Health Services

Middle/High School Health Office

Elementary School Health Office

Catherine Conroy

MS/HS Registered Nurse
(585) 226-2455 ext 1435

Rhonda Goeke

(585) 226-2455 ext 1424

Nicole Montesano

ES Registered Nurse
(585) 226-2455 ext 1123

Michelle Moody

(585) 226-2455 ext 1222

MS/HS Health Office Fax: (585) 226-1736

ES Health Office Fax: (585) 226-1723

Staying Home Guidelines

Be sure to ask your provider when it is safe for your child to return to school, not only for your child's health, but for the health of the other members of the school.

Your child must be symptom free (without medication) for 24 hours before returning to school.

Home Sick

Keep Your Child Home If:

  • He/She has a fever of 100.4 degrees or greater (Should be fever free for 24 hours without medication to return)

  • He/She has a severe headache accompanied with a fever

  • He/She is fatigue and/or tired from an illness

  • He/She has severe chest congestion or a significant cough

  • He/She has significant nasal drainage

  • He/She is vomiting or has diarrhea

  • He/She has a severe sore throat (accompanied with a fever or feeling ill) that persists for longer that 48 hours or has a strep throat infection - Strep Throat Information

  • He/She has pink eye or you suspect that they might have pick eye (they need to be seen by their physician) - Conjunctivitis (Pink Eye) Information

  • He/She has severe ear pain that should be evaluated by a physician

  • He/She has any form of fungal infection


Please call the attedance clerk, Kristy Coleman, at (585) 226-2455 ext 1724 if your child is going to be tardy or absent from school. This phone line is a 24 hour service. Messages are checked every morning (and during the day) to ensure the safety of our students.

  • If you did not notify the school, you will receive an automated phone call from the district. Please be sure to contact our attendance clerk letting her know why your child is absent. Again, this is for the safety of your child.

  • If your child is tardy, please sign your child in at the main office when you arrive. You will not need to stop at the nurse's office. After the student checks in at the main office, he/she can then go right to their classroom.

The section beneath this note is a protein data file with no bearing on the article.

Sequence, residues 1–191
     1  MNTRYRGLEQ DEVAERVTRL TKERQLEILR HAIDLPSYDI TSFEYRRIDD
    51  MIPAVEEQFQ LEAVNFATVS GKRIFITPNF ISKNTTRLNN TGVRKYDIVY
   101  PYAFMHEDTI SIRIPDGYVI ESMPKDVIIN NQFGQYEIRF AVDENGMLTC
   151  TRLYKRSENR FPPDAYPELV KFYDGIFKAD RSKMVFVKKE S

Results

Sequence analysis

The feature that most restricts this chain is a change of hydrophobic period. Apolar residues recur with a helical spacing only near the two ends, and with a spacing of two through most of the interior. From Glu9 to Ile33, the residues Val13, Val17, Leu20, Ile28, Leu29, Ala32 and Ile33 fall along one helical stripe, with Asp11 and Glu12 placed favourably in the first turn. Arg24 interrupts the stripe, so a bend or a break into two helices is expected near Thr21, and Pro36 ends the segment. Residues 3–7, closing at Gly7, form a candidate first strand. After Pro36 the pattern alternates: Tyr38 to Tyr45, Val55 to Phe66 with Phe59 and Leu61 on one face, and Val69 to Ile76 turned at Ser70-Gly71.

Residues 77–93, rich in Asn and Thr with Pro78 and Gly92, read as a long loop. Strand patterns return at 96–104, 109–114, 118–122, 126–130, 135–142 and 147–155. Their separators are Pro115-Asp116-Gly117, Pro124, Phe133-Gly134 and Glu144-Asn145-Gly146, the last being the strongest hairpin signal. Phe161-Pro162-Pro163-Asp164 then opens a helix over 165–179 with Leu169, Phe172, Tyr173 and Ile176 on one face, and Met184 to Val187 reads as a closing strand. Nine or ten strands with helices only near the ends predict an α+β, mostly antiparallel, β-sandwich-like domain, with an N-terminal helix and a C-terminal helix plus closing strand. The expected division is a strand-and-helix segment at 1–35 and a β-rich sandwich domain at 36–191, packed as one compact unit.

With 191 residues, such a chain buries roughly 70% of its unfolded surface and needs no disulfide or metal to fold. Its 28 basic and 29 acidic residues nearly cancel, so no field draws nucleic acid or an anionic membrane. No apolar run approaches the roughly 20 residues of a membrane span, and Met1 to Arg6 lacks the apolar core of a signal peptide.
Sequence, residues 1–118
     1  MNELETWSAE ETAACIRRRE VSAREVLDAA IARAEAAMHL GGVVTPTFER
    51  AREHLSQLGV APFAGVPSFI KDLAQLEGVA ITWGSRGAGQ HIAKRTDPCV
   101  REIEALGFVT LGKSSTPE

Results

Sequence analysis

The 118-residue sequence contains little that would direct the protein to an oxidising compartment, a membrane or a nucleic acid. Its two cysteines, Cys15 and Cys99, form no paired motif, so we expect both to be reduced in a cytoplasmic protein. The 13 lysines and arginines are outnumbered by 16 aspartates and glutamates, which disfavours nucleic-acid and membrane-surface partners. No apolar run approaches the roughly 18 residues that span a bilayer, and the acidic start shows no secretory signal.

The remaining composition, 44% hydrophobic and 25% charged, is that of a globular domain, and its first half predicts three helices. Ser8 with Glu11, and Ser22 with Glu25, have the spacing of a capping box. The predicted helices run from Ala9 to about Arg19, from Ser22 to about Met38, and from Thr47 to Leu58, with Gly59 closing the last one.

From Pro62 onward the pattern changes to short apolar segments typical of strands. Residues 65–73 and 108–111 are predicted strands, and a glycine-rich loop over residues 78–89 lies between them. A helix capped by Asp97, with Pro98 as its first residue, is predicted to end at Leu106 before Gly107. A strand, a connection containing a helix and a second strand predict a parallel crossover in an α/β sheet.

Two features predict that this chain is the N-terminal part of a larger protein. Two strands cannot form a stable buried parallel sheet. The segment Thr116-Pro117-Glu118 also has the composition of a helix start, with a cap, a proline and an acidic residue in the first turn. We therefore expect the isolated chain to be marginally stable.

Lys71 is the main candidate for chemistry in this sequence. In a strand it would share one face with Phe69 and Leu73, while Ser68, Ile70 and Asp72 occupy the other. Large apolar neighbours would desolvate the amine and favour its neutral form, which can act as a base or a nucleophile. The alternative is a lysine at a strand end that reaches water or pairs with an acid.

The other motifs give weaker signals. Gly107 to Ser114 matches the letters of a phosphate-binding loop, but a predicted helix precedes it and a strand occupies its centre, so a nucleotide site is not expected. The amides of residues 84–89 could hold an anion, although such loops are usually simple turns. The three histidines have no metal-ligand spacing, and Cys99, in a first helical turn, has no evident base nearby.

• If your child will be dismissed early from school, please send a note stating the time, who will be picking your child up, and reason for the early departure. By sending in a note, you are making the teacher aware of your child(ren)'s absence along with the main office. Again, this is for the safety of our students.

  • If your child is out due to a medical matter and you would like the nurse to know, use the numbers listed at the top of the page to connect with your school nurse.

Has your contact information changed? If so, please contact Crystal Ryan with your updated information at (585) 226-2455 ext 1416. Having up to date contact information is extremely important in an emergency situation.


Viral Infections: Causes, Symptoms, and Resources


Tips to follow to help minimize and prevent the spread of colds and viruses:

  • Wash hands often with soap and water for 20 seconds

  • Avoid touching of eyes, nose and mouth with unwashed hands

  • Avoid kissing, hugging, and sharing cups or eating utensils with people who are sick

  • Disinfect frequently touched surfaces, especially is someone is sick

Being familiar and aware of your child's signs and symptoms will not only improve your child's health, but will protect others from becoming infected, too.

Influenza (the flu) is a contagious respiratory illness caused by influenza viruses that infect the nose, throat, and sometimes the lungs. It can cause mild to severe illness.

  • Symptoms include, but are not limited to:

    • Fever or feeling feverish/chills

    • Cough and/or sore throat

    • Runny or stuffy nose

    • Muscle or body aches

    • Headaches

    • Fatigue (tiredness)

    • Vomiting or diarrhea

  • CDC: Influenza (Flu)

  • NYSDOH: The Flu - What you Should Know

Conjunctivitis (Pink Eye):
People often call conjunctivitis “pink eye” because it can cause the white of the eye to take on a pink or red color. The most common causes of pink eye are viruses, bacteria, and allergens.

  • Symptoms include, but are not limited to:

    • Pink or red color in the white of the eye(s)

    • Swelling of the eyes and/or eyelids

    • Increased tear production

    • Itching, irritation, and/or burning

    • Discharge (pus or mucus)

    • Crusting of eyelids or lashes, especially in the morning

  • CDC: Conjunctivitis (Pink Eye)

Enterovirus D68:
Enterovirus D68 (EV-D68) is a virus that can cause an infection similar to the common cold and most commonly affects children.

Measles is a highly contagious virus that lives in the nose and throat mucus of an infected person. It can spread to others through coughing and sneezing.

  • Symptoms include, but are not limited to:

    • High fever (may spike to more than 104°)

    • Cough and/or running nose

    • Red, watery eyes

    • Tiny white spots inside the mouth